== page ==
Tuesday was the first official day of spring, the Vernal Equinox (or March Equinox in the Southern Hemisphere where it’s the first official day of fall). The day is one of only two times a year when there are nearly equal hours of day and night everywhere on the planet. To celebrate our near perfect 12 hours of daylight, ICE had a very special culinary demonstration with food historian and author Michael Krondl on the history of spring food traditions.

Krondl is a food historian and the author of Sweet Invention: A History of Dessert, in which he travels the world to discuss the stories and legends we tell ourselves about our sweet indulgences. The book explores sweets from a wide variety of cultural and historical perspectives, including Indian, Turkish, French, Austrian, Italian and American.

Across cultures, the spring is a time of celebration of renewal, often with elaborate rituals involving rebirth and fertility. In addition to Easter and Passover, spring is also the mark of a new year in Iran, Albania, Crimea, and Kosovo (yesterday was the first day of the Iranian year 1391).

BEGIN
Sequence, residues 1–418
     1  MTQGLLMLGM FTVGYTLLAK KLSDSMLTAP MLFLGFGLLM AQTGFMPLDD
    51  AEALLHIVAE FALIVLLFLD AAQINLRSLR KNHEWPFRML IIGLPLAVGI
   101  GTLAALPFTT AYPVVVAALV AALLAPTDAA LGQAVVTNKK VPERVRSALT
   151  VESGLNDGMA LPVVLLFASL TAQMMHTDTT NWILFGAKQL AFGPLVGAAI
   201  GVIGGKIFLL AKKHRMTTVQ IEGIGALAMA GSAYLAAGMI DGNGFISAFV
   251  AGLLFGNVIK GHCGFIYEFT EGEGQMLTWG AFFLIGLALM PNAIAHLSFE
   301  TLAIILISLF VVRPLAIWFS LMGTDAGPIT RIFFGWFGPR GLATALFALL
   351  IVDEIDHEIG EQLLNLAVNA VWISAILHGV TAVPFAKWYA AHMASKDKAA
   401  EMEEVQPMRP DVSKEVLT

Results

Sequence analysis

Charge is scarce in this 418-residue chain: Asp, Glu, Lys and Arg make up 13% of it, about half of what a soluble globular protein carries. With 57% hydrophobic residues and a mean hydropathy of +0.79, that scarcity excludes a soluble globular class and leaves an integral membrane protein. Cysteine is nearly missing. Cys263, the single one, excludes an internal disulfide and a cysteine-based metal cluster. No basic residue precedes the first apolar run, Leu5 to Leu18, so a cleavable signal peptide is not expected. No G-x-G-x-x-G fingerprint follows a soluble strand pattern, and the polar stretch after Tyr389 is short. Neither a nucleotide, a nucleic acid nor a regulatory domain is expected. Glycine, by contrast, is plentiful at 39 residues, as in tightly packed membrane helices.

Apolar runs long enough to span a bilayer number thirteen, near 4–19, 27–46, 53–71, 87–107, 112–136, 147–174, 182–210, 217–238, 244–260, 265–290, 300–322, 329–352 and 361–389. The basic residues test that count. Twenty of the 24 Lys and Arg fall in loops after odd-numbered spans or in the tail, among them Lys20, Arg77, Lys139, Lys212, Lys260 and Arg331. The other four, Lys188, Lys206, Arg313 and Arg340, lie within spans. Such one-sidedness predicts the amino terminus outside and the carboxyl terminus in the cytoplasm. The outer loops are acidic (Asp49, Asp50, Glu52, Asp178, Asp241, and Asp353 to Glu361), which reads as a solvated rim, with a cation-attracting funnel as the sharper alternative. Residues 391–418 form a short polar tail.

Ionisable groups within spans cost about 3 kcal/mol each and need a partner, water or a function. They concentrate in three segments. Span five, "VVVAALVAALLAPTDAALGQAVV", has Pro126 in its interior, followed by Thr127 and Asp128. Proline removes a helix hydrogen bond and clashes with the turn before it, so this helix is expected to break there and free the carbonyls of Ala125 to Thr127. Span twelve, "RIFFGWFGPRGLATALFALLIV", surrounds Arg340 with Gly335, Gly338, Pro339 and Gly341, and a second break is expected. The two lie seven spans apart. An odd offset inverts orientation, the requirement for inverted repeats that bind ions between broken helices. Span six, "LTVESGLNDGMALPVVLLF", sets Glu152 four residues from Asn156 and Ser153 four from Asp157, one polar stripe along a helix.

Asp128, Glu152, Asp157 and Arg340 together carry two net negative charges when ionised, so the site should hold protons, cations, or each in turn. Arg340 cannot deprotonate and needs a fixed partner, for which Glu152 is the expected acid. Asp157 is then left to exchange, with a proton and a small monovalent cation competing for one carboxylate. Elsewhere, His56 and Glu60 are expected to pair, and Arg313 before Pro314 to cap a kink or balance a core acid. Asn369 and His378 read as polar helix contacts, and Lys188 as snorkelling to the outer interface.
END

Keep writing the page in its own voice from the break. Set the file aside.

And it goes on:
But for the demo, Krondl focused on Easter dining traditions from across Europe and made a Focaccia Pasquale, also known as Venetian Easter Cake. He discussed how enriched yeast breads are likely one of the oldest pastries on the planet, dating back to at least ancient Sumerian times through ancient Greece and ancient Rome through to modern breads. The cake Krondl demonstrated was typical of an Italian cake made specifically for Easter. He said, “The rituals and symbolism associated with these enriched breads may have abated, but they are still made especially for the holidays.” His beautiful Easter cake included almonds, butter, cinnamon, cloves and orange zest, among other rich and fragrant ingredients —definitely a sweet treat to celebrate a new season.

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